Hydrodynamic Effects of Debris Blockage and Scour on Masonry Bridges: Towards Experimental Modelling
Reason for embargo
This paper describes the preliminary stage of an ongoing project investigating the hydrodynamic effects of debris blockage at masonry bridges. Debris blockage is cited as one of the primary causes of bridge failures in the UK and around the world. Masonry bridges, many of which are valuable historical assets, are particularly vulnerable to debris blockage due to their short spans and low clearance. This paper presents work done as part of the first phase of the project involving experimental research to understand the scientific relationships between debris characteristics and flow conditions. The study, being carried out at Centre for Water Systems at University of Exeter, utilizes a 0.6m-wide and 10m-long flume to run hydraulic experiments in order to characterize the impact of debris blockage on flow hydrodynamics, scour, and hydrodynamic pressures and forces at masonry bridges. This paper outlines the design of the experimental setup and the reasoning behind the choices for preliminary experimental parameters. The experiments are to include testing of bridge models and various 3D-printed debris shapes under realistic flow conditions. Geometry of the bridge and debris mod-els are kept approximately similar to prototype conditions, with hydraulic conditions of the experiments de-signed to the degree that experimental constraints allow based on Froude similarity. Velocities, scour and hy-drodynamic pressures are measured using an Acoustic Doppler Velocimeter, echo-sounding concept and pres-sure sensors, respectively. Preliminary results indicate that the designed experiments have the potential to en-hance our understanding of the hydrodynamic effects of debris blockage.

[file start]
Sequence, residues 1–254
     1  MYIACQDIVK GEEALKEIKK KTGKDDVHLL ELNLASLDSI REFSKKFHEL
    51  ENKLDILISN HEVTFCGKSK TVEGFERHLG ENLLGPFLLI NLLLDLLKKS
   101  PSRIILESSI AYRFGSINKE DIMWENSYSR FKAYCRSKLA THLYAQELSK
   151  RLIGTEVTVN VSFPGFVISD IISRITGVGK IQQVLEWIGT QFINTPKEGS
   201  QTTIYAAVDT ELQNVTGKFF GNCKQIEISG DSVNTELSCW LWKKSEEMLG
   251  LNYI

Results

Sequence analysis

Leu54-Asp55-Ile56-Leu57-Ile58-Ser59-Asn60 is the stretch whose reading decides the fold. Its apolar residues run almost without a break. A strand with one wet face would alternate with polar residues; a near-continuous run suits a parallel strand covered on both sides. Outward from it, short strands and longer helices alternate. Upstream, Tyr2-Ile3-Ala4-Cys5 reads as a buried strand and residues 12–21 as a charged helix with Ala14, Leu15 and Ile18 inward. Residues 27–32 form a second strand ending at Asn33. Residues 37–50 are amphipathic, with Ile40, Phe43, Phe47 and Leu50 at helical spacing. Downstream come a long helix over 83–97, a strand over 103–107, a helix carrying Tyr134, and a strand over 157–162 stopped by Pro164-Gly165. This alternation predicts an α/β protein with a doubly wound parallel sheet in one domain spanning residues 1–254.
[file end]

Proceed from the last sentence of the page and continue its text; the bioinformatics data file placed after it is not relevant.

The research presented in this paper was supported by funding from the UK’s Engineering and Physical Sciences Research Council (EPSRC) under grant EP/M017354/1. The authors are grateful to project partners for their support, particularly Devon County Council and Network Rail for providing useful prototype data.
This is the author accepted manuscript. The final version is available from CRC Press via the DOI in this record
8th International Conference on Scour and Erosion, 12-15 September 2016, Oxford, UK
In: Scour and Erosion, edited by John Harris, Richard Whitehouse, Sarah Moxon (CRC Press) pp. 743–750. 9781138029798